Copper Worries 7/13/07 Hi. I have been treating with copper since yesterday and have read everything I could find in your site about it. The one thing I don't see is right after I treat the water with CopperSafe I see a big jump in ammonia?? <... the Copper kills nitrifying bacteria... this is stated several times... but very likely here the chelating agent is an alkanoamine... It's the source (likely a false positive) of the ammonia here>> Im taking the water out of my other tank that has no ammonia or nitrite whatsoever. My worry is will the ammonia kill my fish? I lost a lot of fish in my early days from ammonia then anything else. Im changing out the treated water twice a day but the ammonia jumps to 1.00 ppm as soon as I added the copper to fresh established water. This is more of a worry then a question as I feel Im following everything to the letter I've learned from your site. Please don't ask me to read as I get lost in all different things in there and haven't found one that addresses these concerns. Im sure others have these concerns also. Thanks So Much Rick <The reading is spurious. B>

Ammonia in Quarantine Tank...What To Do? - 05/26/07 I took part of my filtration out of quarantine and my ammonia is over 1.0 and I'm running my 55 fallow from ich.  Do I put my only fish which is a Tomato Clown back in and hope or just cycle the 20 gallon with him cause now he is scratching like crazy? <<I would not put this fish in the quarantine tank with an Ammonia reading of 1.0 (ppm?)>> I'm afraid I have sent him to his death bed.  Even after all the reading on your website I can't figure out where I failed.  I did the huge water changes to help and now it's worse.  So do I keep him in 20 and hope or the 55 which hasn't had fish since a week ago? <<It's not clear here what you did/did not do...but I recommend you put the fish back in the 55g tank...restart/stabilize your quarantine tank...freshwater-dip and move the fish back to quarantine for treatment (if necessary) and restart the fallow period on the display.  EricR>>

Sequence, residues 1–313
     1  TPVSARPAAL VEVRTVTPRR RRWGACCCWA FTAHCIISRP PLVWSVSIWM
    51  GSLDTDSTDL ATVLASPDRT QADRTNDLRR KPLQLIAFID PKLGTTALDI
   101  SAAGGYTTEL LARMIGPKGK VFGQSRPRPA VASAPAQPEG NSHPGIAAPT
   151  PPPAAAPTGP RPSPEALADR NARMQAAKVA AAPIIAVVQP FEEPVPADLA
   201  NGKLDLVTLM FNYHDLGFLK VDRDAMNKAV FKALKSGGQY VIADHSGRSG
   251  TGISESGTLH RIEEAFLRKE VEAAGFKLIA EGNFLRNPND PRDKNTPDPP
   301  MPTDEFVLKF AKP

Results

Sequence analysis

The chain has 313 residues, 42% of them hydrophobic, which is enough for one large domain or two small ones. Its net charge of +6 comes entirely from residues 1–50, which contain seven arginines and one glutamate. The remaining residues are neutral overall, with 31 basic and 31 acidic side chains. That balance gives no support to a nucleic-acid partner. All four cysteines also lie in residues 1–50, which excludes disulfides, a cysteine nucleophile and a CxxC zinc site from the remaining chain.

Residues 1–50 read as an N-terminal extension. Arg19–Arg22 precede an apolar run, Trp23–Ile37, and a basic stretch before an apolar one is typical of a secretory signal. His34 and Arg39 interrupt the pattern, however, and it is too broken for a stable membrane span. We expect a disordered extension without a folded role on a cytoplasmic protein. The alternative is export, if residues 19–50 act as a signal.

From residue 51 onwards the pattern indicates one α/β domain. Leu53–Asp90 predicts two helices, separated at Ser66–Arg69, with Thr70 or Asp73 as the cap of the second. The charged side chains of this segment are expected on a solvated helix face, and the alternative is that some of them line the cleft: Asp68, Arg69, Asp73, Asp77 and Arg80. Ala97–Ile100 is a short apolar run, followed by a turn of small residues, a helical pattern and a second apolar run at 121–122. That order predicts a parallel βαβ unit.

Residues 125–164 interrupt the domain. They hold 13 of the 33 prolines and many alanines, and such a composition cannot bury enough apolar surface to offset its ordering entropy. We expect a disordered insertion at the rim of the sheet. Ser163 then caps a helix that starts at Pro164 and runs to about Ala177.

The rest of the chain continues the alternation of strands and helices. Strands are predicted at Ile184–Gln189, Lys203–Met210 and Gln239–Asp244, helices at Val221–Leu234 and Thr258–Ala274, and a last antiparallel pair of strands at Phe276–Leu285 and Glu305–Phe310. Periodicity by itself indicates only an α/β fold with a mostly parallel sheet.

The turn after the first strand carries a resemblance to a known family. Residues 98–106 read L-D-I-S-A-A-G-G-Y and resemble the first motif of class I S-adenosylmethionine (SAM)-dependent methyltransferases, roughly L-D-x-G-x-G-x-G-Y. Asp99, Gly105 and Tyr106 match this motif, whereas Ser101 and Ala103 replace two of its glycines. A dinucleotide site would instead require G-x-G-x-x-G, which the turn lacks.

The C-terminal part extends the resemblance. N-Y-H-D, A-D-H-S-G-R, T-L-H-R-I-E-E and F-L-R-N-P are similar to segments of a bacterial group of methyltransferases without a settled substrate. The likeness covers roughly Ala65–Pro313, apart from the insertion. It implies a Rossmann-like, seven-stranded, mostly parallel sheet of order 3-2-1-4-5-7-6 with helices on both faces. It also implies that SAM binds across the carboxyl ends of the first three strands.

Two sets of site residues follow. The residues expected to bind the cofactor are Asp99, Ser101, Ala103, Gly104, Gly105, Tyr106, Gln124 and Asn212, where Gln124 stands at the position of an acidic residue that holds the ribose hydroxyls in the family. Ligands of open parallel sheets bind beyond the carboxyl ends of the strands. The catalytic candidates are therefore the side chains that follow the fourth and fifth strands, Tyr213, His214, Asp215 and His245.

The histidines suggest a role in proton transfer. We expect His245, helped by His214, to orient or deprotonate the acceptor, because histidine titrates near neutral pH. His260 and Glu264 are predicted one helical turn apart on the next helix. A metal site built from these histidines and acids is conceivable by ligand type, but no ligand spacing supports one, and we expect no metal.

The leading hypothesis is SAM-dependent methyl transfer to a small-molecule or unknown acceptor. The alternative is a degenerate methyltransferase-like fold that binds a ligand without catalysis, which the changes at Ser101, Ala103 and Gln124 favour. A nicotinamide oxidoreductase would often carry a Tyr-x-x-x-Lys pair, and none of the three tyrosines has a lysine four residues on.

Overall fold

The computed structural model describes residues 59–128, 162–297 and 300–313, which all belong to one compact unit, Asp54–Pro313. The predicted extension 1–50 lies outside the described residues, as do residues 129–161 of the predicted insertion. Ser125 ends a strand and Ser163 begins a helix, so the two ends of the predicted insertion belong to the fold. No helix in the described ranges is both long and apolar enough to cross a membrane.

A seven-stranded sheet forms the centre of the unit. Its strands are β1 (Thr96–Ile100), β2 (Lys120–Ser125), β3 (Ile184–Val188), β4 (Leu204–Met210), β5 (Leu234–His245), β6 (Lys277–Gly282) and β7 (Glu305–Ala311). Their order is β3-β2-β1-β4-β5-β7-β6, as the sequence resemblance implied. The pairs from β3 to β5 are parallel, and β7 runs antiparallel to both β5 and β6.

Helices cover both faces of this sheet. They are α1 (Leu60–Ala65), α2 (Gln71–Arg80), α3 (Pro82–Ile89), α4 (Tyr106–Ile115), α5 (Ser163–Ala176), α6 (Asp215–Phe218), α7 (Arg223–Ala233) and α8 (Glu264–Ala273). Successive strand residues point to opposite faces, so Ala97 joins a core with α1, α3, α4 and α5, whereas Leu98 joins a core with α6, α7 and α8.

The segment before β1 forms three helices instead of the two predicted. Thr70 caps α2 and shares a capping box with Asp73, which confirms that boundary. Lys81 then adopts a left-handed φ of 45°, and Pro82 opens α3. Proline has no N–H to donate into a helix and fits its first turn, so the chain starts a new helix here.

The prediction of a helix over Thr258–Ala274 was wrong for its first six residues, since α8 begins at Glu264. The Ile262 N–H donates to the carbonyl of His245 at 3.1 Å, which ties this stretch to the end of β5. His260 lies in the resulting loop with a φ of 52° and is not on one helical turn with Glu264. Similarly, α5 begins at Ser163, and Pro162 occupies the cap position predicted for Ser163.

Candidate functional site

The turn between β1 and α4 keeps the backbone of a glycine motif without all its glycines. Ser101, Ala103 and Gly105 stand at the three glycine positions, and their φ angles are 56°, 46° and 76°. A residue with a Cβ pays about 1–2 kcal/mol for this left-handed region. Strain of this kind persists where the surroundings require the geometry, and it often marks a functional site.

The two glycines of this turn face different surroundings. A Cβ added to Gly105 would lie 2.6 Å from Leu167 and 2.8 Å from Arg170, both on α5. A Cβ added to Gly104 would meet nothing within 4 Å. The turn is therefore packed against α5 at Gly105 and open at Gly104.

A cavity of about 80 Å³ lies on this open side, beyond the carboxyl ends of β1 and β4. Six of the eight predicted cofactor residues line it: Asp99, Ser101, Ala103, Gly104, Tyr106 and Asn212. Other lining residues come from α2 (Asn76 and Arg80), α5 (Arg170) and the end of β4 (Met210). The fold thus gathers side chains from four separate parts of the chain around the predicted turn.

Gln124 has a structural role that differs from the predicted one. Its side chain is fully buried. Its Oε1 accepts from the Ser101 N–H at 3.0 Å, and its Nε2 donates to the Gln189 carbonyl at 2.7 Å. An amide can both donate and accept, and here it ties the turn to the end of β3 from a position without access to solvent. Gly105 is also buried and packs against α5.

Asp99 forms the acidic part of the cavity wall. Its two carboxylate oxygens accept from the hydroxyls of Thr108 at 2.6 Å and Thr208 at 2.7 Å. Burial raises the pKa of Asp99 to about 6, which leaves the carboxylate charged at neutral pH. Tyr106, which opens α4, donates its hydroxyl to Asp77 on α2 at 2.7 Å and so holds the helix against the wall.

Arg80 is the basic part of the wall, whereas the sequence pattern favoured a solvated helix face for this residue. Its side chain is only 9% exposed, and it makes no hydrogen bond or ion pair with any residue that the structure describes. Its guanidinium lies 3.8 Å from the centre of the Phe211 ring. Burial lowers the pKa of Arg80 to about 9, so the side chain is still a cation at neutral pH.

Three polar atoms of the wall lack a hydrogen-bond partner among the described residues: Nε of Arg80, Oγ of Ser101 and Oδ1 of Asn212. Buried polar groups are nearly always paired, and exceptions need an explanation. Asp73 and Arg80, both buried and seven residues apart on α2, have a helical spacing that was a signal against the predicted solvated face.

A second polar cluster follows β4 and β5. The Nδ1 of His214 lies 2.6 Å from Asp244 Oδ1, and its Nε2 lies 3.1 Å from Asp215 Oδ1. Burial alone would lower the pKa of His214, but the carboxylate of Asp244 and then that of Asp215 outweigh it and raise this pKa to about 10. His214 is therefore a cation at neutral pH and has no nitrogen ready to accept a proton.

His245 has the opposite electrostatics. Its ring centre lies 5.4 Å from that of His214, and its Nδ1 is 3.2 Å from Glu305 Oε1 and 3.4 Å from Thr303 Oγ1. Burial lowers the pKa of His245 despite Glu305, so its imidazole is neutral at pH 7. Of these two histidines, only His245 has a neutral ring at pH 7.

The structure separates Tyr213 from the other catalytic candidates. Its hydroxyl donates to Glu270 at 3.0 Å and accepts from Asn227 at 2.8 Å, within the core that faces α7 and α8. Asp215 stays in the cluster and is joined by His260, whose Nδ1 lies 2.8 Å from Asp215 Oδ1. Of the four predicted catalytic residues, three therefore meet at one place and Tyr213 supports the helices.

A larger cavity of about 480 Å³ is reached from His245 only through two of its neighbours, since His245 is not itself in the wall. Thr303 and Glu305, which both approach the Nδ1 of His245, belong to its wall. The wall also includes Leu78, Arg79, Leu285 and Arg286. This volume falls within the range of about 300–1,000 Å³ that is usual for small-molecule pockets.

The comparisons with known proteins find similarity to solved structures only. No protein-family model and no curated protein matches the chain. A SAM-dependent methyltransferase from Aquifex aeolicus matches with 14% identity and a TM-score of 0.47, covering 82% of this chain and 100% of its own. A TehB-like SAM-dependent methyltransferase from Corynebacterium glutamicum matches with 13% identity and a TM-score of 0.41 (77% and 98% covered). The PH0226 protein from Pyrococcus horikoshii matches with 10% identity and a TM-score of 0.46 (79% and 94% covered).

Oops. Protein skimmer waste back into the system!   5/22/07 Hi crew, <Elizabeth> While in the process of cleaning out my protein skimmer, all of the waste in the collection bin spilled over into the tank.  Of course my ammonia level shot up through the roof. <Yikes!> I treated the water as soon as I noticed the problem (unfortunately 4 hours later since someone else cleaned it for me).  One of my damsel fish acts like nothing happened, while the other (the shy blue) was lying on his side on the bottom of the tank gasping for air.  The ammonia is fine now, and the fish is trying to swim, but not really succeeding.  Is there any hope of saving this poor fish.  Thanks! Elizabeth <Well, there is always hope... I would try another dose of an anti-ammonia product here (my choice? Amquel)... and try to stay light on feeding for a week or two. Bob Fenner>

Ammonia spike in established  tank   6/2/06 I have been reading the FAQs trying to establish why the ammonia reading in my 2 year old tank is 1.0 HOPE YOU CAN HELP ME as there is conflicting info in the FAQs I have read. (One said to do nothing until it gets back to normal, another suggested water changes?) <I would not allow this level to be get any higher...> The only thing that happened recently is my thermometer went down and in the AM the temp was 72 (normally 78) The next day my cleaner shrimp (1 yr old) died. I figured the change in water temp killed the shrimp but decided to test the water before replacing him and to my horror found the ammonia spike. Could the drop in temp have affected the biological filter? <Mmm, not likely. The death of the shrimp could easily raise it though> I immediately fed the fish less and did 10% water changes every other day but a week has gone by and the level remains up. I Have a wet-dry trickle filter running for 2 years (125 gal) There is an Emperor Angel, Purple Tang and 2 clowns and some (not a lot) of live rock. Don't know what can be causing the problem. Does live rock go 'bad'? <Not usually> I have it in there since the beginning. If I add more live rock, do I have to quarantine it first if it is 'cured'? <Perhaps... depends on the degree of "curedness"> Any advice is GREATLY appreciated. The fish do not appear to be in distress. Thanks much, Carol <... Please read here: http://wetwebmedia.com/nh3marfaqs.htm and the linked files above. I would cease feeding while the ammonia is this high... Bob Fenner>